Hi-Rise Bread Company


This post was originally published on September 8, 2009 when Hi-Rise was still located in Harvard Square and the Mass Ave location was non-existent. Enough has changed that I felt compelled to update the post a bit and add some photos that I never got around to adding in the past. I have basically kept the text of the original post, staying true to what I wrote back then (admittedly, my writing has morphed over the years!). Please enjoy!

I love, love, love this place. They make the most incredible vanilla loaf. Their sandwiches are amazing, and the bread – oh the bread!

Hi-Rise Bread Company is a bakery in North Cambridge, not far from the ever-so-famous Formaggio Kitchen that Julia Child liked to frequent. Half of the space is actually devoted to bread making.
You can watch bakers scurrying around a HUGE table where other bakers are rolling out dough. And, if you’ve never seen a stand mixer that stands taller than me (OK, I’m not that tall, but STILL!), then you should definitely come and take a look.

Anyway, aside from the fun of watching bread being created, you can order scrumptious sandwiches, good coffees, and amazing baked goods.

Forgot to post this earlier today! Smoke salmon sandwich @hirisebreadco @hirisecafe #lunch #latergram #sogood

A photo posted by Jennifer (@tinyurbankitchen) on

Every sandwich I’ve tried here is good – it’s hard not to like the amazing fresh bread with which the sandwiches are made. You can even get a sandwich made with cornbread!
Hi Rise Fern's Problem Solver
Fern’s Problem Solver: Hi-Rise brined and roasted turkey, monterey jack, avocado, Russian dressing on semolina, grilled $9.50

My favorite baked item is the vanilla loaf (recipe here!). It’s dense, sweet, and has an incredibly crumbly crust that is to die for! If you go, ask for an end piece. They taste better.

Hi Rise Vanilla Loaf

Supposedly the locals know to ask for the end pieces, so the bakery runs out of end pieces more often on weekdays. On weekends, the visitors are mostly out-of-towners and tourists who don’t know this little secret. 😉

 As you can see, we asked for two end pieces. :)

Mmmm check out the gorgeous crust. The sugar crystallizes a bit on the edges while baking, which gives this loaf an amazing slightly burnt sugar buttery kind of crusty edge. It’s hard to explain, but it’s really good.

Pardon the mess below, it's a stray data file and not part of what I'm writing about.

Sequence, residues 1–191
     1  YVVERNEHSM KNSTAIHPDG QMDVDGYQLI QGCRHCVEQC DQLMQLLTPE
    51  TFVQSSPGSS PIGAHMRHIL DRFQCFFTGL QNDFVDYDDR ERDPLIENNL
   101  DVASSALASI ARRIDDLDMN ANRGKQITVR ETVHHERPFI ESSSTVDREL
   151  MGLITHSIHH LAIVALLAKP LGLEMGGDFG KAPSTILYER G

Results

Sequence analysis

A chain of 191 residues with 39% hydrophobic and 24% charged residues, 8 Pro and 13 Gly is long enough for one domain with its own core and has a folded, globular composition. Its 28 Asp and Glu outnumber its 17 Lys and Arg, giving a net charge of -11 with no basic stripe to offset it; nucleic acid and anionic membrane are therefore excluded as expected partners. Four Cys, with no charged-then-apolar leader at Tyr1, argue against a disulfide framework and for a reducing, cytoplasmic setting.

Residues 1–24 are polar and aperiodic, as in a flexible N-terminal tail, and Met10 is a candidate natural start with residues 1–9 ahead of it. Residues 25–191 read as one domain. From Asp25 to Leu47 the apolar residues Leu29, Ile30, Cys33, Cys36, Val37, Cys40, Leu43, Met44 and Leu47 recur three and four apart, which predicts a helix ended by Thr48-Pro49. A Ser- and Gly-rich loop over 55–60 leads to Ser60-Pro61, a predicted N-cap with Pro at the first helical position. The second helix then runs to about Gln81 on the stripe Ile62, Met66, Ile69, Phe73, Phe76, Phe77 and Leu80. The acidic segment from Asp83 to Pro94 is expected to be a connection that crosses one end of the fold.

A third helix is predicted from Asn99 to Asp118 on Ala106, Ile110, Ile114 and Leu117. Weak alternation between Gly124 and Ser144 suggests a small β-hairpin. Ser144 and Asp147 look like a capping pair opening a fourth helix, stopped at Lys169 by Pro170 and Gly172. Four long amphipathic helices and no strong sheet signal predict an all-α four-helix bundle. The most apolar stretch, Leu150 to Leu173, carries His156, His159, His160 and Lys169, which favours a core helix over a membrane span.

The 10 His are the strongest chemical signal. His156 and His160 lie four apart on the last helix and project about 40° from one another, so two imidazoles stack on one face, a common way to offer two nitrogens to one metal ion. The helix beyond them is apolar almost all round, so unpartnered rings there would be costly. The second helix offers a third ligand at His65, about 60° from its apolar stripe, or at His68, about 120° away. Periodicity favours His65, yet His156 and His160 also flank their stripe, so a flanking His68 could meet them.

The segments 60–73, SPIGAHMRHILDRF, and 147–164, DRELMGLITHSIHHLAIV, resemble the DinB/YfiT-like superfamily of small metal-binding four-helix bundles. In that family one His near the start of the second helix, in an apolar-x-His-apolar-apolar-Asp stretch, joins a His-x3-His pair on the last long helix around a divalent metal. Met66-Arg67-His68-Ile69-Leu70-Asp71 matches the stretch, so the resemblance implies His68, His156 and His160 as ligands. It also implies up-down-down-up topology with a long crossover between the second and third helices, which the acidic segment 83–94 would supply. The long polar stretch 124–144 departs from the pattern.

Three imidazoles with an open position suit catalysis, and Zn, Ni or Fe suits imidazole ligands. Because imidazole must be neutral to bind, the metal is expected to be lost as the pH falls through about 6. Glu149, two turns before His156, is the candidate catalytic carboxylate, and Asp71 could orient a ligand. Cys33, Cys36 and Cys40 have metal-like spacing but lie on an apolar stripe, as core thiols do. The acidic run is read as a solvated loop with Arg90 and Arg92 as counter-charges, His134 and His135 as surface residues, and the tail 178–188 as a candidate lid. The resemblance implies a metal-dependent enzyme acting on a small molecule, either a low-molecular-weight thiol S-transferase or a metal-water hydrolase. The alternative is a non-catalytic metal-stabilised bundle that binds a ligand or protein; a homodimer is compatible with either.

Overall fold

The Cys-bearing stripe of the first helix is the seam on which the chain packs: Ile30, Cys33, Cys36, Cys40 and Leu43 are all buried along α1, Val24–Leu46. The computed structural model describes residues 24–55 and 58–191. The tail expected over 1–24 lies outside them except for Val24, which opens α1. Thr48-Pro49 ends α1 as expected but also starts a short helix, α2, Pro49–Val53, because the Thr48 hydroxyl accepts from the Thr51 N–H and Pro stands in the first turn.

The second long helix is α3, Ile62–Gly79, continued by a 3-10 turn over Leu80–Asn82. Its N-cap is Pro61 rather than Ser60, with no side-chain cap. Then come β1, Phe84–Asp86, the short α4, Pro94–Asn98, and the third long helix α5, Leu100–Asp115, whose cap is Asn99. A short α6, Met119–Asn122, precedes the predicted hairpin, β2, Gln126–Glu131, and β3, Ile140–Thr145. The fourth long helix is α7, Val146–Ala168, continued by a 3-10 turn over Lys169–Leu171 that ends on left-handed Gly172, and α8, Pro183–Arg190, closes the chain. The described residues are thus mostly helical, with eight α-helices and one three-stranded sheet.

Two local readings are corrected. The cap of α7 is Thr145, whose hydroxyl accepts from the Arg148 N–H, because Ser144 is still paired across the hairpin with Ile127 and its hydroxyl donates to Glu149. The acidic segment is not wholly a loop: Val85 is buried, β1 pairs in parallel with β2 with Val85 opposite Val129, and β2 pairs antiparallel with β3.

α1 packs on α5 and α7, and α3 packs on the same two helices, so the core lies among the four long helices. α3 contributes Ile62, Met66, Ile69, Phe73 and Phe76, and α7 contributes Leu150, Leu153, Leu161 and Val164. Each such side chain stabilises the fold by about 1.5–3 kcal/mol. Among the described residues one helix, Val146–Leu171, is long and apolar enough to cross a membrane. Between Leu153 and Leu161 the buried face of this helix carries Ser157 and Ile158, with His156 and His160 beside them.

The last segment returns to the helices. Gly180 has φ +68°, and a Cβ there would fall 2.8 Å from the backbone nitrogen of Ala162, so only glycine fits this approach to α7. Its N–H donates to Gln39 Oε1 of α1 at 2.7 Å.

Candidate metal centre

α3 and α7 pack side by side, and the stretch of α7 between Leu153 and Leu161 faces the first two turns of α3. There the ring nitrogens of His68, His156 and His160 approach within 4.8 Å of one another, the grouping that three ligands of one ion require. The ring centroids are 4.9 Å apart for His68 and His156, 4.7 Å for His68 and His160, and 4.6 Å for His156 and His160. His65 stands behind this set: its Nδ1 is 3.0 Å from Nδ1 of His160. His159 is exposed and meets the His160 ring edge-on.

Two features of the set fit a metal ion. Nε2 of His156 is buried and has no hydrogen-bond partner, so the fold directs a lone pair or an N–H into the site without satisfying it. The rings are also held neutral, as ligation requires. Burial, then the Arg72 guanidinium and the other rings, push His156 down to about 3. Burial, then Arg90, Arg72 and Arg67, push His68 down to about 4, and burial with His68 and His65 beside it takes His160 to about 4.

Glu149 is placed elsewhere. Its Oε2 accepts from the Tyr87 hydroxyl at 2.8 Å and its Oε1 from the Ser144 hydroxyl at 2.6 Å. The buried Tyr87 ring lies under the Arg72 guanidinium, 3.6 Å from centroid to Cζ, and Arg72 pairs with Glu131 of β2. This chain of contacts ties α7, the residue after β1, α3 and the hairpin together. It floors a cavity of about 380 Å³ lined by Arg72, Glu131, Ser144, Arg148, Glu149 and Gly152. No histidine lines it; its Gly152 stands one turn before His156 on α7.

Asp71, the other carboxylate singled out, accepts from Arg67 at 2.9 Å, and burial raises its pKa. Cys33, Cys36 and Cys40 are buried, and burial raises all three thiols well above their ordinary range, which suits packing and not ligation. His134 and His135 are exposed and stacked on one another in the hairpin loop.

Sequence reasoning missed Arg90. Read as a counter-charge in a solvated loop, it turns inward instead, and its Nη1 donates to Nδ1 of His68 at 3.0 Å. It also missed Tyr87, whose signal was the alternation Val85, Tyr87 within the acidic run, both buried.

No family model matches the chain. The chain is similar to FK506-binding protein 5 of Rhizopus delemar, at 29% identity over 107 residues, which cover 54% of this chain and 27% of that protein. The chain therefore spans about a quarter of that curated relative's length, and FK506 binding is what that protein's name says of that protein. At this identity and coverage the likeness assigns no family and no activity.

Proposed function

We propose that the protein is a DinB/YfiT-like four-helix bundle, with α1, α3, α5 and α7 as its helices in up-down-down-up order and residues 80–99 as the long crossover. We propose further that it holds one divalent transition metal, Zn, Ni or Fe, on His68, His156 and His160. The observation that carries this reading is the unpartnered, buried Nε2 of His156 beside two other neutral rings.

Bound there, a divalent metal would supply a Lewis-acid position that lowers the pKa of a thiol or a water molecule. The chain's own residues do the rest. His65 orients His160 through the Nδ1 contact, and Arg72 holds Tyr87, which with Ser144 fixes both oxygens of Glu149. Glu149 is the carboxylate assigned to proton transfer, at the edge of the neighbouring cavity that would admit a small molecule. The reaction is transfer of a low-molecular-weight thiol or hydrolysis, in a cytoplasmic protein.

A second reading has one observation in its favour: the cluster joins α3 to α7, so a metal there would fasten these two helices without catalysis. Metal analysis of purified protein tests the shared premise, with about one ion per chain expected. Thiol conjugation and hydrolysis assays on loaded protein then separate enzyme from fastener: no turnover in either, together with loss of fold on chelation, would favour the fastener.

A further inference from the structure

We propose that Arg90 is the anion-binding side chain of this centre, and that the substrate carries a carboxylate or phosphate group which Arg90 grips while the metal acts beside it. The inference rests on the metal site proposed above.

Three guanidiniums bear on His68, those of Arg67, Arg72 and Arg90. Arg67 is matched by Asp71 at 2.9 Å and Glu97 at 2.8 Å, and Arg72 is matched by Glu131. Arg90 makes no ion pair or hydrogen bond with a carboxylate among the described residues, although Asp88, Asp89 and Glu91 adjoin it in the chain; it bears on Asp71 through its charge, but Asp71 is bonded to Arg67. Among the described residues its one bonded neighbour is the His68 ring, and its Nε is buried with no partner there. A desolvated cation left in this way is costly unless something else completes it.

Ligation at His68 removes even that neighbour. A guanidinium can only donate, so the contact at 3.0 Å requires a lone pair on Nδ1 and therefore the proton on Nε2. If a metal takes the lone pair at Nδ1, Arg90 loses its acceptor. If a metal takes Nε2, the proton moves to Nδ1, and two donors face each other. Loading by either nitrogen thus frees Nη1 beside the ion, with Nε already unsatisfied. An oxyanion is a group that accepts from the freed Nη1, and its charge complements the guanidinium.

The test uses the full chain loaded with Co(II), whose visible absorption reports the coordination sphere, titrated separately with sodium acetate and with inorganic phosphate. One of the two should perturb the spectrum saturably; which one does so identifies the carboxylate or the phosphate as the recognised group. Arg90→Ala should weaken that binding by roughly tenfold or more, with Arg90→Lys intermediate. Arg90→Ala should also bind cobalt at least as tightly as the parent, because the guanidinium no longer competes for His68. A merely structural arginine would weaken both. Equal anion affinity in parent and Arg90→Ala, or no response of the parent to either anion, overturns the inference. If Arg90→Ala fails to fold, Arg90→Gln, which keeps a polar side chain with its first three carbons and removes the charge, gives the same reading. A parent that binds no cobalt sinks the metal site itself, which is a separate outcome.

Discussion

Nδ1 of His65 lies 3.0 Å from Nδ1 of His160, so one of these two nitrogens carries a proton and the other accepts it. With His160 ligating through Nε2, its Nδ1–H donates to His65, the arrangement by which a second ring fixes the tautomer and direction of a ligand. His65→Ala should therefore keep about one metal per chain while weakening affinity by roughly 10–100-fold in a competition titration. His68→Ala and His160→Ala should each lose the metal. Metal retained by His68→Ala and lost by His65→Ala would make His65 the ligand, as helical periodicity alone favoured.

I guess there are a few negatives. The prices are a bit high. Sandwiches run around $10-$12 each and a slice of that heavenly vanilla loaf will set you back several dollars ($17-$18 for the entire loaf).

It is also hard to find seating. There is basically one long table in the middle with benches on either side. There are also 2-3 small tables along the window that each seat about 2 people. Especially on weekends, you probably will have to stand and wait for a seat to open up.

For more seating, another option is their 1663 Mass Ave location, between Harvard and Porter Square (right near Harvard Law School). There are several tables, barstools facing out the window, and several outdoor seats, which is a really fun place to hang out during the summer. Although you can’t see the crazy ginormous stand mixer and the bakers running around, you can still enjoy a limited selection of the great sandwiches while sitting outside in Harvard Square. It’s actually one of my favorite places to go for lunch on a nice day.

Plus, they sometimes offer these cute mini-sanwiches.
Hi Rise Bakery Mini Egg Sandwich
Egg salad and cucumber mini-sandwich

In any event, definitely check this place out and try the vanilla loaf!


Hi Rise Bread Company
208 Concord Ave or 1663 Mass Ave
Cambridge, MA 02138
Hi-Rise Bread Company on Urbanspoon
Hi-Rise Pie Company on Urbanspoon

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  1. y kim says

    amanda hesser in her cooking for mr. latte bk has a recipe for those very same loaves (&she went on & on about how yummy they are from hi-rise). now i’m curious & will try it out – but – how incredible can vanilla loaf be???
    love your blog, wish you were in SF,

  2. y.kim says

    Vanilla Bean Loaves
    Adapted from Hi-Rise Bread Company in Cambridge, MA, via Amanda Hesser

    3 sticks unsalted butter, at room temperature
    2 1/2 cups vanilla sugar (sugar in which a split vanilla bean has been buried for at least a few days)
    1 vanilla bean
    1 Tblsp vanilla extract
    8 large eggs, room temperature
    3 cups all-purpose flour
    1 1/2 tsp baking powder
    1/2 tsp salt

    For the syrup:
    1 3/4 cups sugar
    1 cup water
    2 vanilla beans, split and scraped

    Thickly butter two loaf pans and preheat oven to 325 farenheit.
    Cream the butter and sugar until pale and fluffy.
    Scrape the first vanilla bean and get all the seeds into the bowl, along with the vanilla extract.
    Add the eggs one by one and beat to combine.

    Sift the flour, salt, and baking powder. Add the dry ingredients to the batter and fold in, mixing minimally with a rubber spatula, until just combined.

    Divide the batter between the loaf pans. Bake for 30 minutes, then turn the pans and bake another 25-40 minutes or until a cake tester comes out almost clean.

    While the loaves bake, make syrup. In a small saucepan, dissolve the sugar in the water over medium heat. Add the vanilla beans and seeds and stir a little to loosen the seeds. Remove pan from heat.

    When the loaves are done, cool them for 10 minutes in the pan on a rack, and then turn them out onto the rack. Brush them generously on all sides (bottom too) with the syrup. Repeat the brushing with syrup a few more times as the loaves cool. Amanda Hesser says the cakes can be wrapped and frozen, but as she cautions, it’s hard to wait that long.

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